The presidential primaries are running at full steam. There appears more controversy during this election than any time I can remember.
The candidates are making more and more promises. ‘I will do this and it will make your life better.’ ‘I promise to change this to make your life better.’ And on and on.
Unfortunately the media covers all the smear campaigns as well. If a candidate made a mistake in the past watch out!!
Most of the information out there is very confusing to the voters. Is Donald Trump for real? Can he fulfill his promises?
I am not sure if he can. There is no way to predict. They all say they will change things. Sadly, they don’t say whether the change will be better or worse.
Regardless of the outcome the capital markets will go on. The free markets do work if we let them.
When dealing with investors I also have heard a number of questions. The most frequently asked is; what will the market do next? Every one of them believes someone knows what will happen next.
Investors are in constant search of the ‘expert’ that will give them the answers and ‘beat’ the market.
Unfortunately, there are no answers to the question; what will happen next? While investors are searching for the right answer they lose money unnecessarily.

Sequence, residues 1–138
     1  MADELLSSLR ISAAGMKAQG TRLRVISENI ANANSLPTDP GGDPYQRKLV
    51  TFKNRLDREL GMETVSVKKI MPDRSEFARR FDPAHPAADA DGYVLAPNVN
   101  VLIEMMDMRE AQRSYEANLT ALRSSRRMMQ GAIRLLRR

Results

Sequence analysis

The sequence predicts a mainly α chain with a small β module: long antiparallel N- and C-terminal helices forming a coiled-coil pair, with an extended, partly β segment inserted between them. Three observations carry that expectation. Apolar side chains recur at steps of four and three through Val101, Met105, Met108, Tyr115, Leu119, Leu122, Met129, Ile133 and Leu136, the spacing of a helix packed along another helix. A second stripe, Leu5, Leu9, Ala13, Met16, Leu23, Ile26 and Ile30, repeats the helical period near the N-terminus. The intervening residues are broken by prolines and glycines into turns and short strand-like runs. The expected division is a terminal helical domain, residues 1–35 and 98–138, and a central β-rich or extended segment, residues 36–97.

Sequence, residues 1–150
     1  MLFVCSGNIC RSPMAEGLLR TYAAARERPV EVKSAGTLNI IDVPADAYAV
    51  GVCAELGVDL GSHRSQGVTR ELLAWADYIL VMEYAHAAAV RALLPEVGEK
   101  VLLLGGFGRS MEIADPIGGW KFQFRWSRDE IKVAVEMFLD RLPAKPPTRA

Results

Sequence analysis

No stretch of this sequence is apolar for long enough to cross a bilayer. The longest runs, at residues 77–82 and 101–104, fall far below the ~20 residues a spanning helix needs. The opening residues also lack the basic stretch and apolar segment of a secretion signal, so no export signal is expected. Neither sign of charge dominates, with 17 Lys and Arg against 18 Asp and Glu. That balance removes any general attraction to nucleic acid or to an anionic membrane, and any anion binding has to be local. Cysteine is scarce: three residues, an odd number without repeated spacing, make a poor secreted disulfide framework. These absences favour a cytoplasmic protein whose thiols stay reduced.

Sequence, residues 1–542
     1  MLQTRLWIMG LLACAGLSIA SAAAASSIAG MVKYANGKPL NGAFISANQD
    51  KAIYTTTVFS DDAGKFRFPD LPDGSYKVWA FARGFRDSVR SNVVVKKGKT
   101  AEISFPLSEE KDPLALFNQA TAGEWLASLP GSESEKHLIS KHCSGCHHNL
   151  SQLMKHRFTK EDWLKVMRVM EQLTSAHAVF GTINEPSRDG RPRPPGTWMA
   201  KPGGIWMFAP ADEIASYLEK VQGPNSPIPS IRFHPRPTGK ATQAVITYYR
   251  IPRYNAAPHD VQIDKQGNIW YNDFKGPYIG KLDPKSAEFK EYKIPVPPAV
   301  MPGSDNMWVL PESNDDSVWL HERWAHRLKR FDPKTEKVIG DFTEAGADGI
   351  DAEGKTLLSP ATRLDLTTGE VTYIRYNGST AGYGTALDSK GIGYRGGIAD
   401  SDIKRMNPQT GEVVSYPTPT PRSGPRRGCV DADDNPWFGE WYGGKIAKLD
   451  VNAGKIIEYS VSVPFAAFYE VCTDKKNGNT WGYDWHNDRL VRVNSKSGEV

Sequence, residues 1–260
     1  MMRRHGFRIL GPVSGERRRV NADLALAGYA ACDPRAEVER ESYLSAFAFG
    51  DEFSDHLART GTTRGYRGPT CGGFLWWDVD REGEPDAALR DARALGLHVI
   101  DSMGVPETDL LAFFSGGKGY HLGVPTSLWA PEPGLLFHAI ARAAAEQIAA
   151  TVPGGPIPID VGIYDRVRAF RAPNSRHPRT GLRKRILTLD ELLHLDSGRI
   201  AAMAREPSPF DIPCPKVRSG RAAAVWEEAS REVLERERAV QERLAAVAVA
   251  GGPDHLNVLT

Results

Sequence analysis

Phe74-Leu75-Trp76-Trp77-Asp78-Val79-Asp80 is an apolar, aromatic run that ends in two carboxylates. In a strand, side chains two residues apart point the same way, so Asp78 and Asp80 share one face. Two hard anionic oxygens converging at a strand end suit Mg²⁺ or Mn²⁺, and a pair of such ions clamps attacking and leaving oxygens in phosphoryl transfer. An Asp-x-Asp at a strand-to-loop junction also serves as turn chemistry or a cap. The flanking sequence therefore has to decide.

This is evidenced by the Dalbar research study which looks at individual investor performance over a rolling 30 year period. The latest study revealed that the 30 years ending December 31, 2014 average annual performance of the S&P500 earned 11.16% while the individual investor earned an average of 3.79%.
Why the difference? It can partially be explained by the investors search for the ‘best’ manager. This is called track record investing and it doesn’t work.
The invisible hand of the market sets prices more efficiently than any other process known to man. Is it perfect? Indeed, No. There is no perfect price; only what a willing buyer and seller negotiate.
The market instantly incorporates the collective mind of every market participants. Markets work. Unfortunately, most investors never tap their real power.
Remember Wall Street, including insurance companies are good at selling fear. My question is if the equity markets went down and stayed down. Would insurance companies survive? Or would they go bankrupt?
If they did not survive it would mean investors took the risk and the insurance companies earned the reward.
Stop listening to the fear mongers. Stop trying to beat the market and let the market forces work for you.
This will be accomplished by owning equities….globally diversify….rebalance. These 3 simple rules will lead to a successful investing experience.